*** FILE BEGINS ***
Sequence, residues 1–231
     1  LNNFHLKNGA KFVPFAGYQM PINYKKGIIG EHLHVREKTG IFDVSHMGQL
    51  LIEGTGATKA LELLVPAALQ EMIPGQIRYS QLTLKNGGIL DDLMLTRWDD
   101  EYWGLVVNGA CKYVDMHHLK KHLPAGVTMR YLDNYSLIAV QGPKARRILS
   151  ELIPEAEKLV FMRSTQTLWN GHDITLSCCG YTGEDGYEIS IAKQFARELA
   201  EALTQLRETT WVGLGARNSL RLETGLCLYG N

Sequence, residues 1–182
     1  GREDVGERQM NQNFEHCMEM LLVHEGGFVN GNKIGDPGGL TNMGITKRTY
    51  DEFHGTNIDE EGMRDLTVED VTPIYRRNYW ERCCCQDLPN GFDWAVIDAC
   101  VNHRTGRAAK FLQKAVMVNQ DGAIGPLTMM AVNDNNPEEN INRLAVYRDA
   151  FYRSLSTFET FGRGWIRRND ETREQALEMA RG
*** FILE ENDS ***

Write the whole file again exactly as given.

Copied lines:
Sequence, residues 1–231
     1  LNNFHLKNGA KFVPFAGYQM PINYKKGIIG EHLHVREKTG IFDVSHMGQL
    51  LIEGTGATKA LELLVPAALQ EMIPGQIRYS QLTLKNGGIL DDLMLTRWDD
   101  EYWGLVVNGA CKYVDMHHLK KHLPAGVTMR YLDNYSLIAV QGPKARRILS
   151  ELIPEAEKLV FMRSTQTLWN GHDITLSCCG YTGEDGYEIS IAKQFARELA
   201  EALTQLRETT WVGLGARNSL RLETGLCLYG N

Sequence, residues 1–182
     1  GREDVGERQM NQNFEHCMEM LLVHEGGFVN GNKIGDPGGL TNMGITKRTY
    51  DEFHGTNIDE EGMRDLTVED VTPIYRRNYW ERCCCQDLPN GFDWAVIDAC
   101  VNHRTGRAAK FLQKAVMVNQ DGAIGPLTMM AVNDNNPEEN INRLAVYRDA
   151  FYRSLSTFET FGRGWIRRND ETREQALEMA RG